Without fail, these opening initiative development sessions will flush out activities that are burdensome and costly (e.g., excessive reporting, bureaucratic delegations of authority, double handling) and that are relatively easy to stop or fix. Once apparent, these issues require minimal further investigation, and they represent an ideal opportunity to move immediately into delivery rather than hold such solutions in reserve for a formal progression into a delivery phase.
Beyond the immediate execution opportunities, a quick-fire prioritization of the “long list” of initiatives is a valuable way to move forward, ensuring a focus on opportunities that offer the best combination of magnitude of impact and speed to impact. However, we advise not being overly aggressive in de-prioritizing initiatives. Instead, we favor concurrently seeking strategic and tactical improvements, as small ideas can be collectively valuable; in our experience, they can represent as much as a third of the total potential savings. Moreover, if the cost-reduction effort is democratized across the organization, a large number of initiatives can be pursued in parallel, as the distribution of the effort minimizes the classic dilemma of a bottleneck, which can occur when all projects must go through a few key people.
Initiatives should be formally assigned to individuals (“initiative owners”). These initiative owners will then be responsible for deepening the investigation of their initiatives (if required) and, most important, for progressively developing plans that define the specific actions needed to execute the initiatives and ultimately to realize the value. To aid with this, an initiative “pipeline” is a useful tool (see Figure 2). Initiatives formally move through the stages of the pipeline based on the depth and rigor of supporting analysis and plans.
Spinning off initiatives to “owners” and moving them into and through the pipeline should be an iterative effort. As a given initiative arises, it should have a natural owner who undertakes the challenge of getting it through the Feasibility and Planning stages of the pipeline and into the Execution stage. This discipline enables leaders to efficiently support initiative owners, ensuring all appropriate considerations have been considered, while holding them accountable for progressing through the pipeline. This process forms the basis of continual renewal of the pipeline as initiatives are progressed.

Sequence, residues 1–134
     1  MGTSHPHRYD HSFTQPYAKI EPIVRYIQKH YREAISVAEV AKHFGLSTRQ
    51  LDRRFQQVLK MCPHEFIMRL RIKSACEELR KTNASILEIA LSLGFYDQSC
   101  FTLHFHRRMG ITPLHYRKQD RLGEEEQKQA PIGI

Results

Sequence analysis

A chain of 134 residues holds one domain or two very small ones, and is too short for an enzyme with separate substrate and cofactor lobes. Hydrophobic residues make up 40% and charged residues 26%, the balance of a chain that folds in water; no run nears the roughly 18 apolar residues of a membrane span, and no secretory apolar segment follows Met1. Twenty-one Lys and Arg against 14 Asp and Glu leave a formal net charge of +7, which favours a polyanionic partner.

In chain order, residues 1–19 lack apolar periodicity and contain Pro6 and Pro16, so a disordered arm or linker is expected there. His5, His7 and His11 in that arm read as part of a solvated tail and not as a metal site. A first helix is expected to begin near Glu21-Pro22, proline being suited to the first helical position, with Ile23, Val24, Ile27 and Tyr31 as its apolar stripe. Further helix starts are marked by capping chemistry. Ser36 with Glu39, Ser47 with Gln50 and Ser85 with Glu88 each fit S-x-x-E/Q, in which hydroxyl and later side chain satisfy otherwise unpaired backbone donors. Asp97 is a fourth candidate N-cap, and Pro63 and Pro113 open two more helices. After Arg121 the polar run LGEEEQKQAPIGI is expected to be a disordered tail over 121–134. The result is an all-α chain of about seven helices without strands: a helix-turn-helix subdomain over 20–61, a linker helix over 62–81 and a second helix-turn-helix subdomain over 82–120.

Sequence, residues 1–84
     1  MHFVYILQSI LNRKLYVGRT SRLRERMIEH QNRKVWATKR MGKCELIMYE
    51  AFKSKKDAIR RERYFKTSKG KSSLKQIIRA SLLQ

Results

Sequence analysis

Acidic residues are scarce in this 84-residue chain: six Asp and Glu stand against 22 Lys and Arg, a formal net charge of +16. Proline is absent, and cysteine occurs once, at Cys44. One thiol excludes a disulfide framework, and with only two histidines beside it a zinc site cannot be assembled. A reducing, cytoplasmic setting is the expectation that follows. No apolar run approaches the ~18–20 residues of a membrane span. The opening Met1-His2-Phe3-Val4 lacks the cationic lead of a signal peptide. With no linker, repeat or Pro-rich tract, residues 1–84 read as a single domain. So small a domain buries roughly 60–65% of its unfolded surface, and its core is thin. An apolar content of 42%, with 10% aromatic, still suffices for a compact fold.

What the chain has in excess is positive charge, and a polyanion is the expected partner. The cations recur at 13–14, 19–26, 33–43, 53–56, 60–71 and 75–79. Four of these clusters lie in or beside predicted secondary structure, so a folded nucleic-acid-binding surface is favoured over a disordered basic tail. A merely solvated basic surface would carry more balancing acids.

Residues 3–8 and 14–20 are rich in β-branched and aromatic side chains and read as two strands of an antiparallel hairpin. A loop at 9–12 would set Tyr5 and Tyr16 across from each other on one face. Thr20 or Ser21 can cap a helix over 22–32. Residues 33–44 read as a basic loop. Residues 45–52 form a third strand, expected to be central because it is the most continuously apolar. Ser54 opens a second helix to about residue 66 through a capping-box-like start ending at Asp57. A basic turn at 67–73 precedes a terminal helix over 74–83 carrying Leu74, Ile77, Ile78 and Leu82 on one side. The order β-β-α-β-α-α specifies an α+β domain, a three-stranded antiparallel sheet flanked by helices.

While the Planning stage contains no hard stop, it can broadly be considered a success when all initiatives are at the Execution stage. At this point, one can be confident in the cost reductions to the portfolio of initiatives and in the organization’s ability to execute them.
Delivery: Progressively achieve results
Once the organization has developed a pipeline of Execution initiatives, then the task ahead is to (simply) execute the plans that are in place. Clearly, this is where the majority of work is done, and for most programs the effort can take years to complete. Ideally, a portfolio of initiatives will move through the pipeline at differing speeds so results will regularly grow over time. It is crucial that the program diligently maintain focus, to prevent initiatives from stalling in the Execution stage and also to track and validate the benefits over time, thus ensuring that results genuinely reach the bottom line.
Finally, within the context of the overall change narrative, the organization should be challenged to refill the pipeline as execution of priority initiatives is completed.
More often than not, organizations’ sequential and centrally led efforts to achieve significant, sustainable cost reduction end in failure, bogged down by a time-consuming diagnostic process and debate over the achievability of what the diagnostic suggests. By the time team members mobilize their resources to deliver on the agreed-upon cost reduction steps, they have disengaged and the initial momentum has been lost. We advocate for a more agile, integrated approach that takes both financial and operational issues into account and involves team members from across the organization. Using the QIC method, organizations can rapidly kick-start a cost-reduction effort and quickly get onto the path of results rather than prognosis.
Quick & Integrated Cost-out: A Faster Road to Sustainable Cost Reduction was produced by Simon Horan, Tim McGrath and Dan Horsley, Partners, and David Chalmers, Principal, in L.E.K. Consulting’s Organization & Performance practice.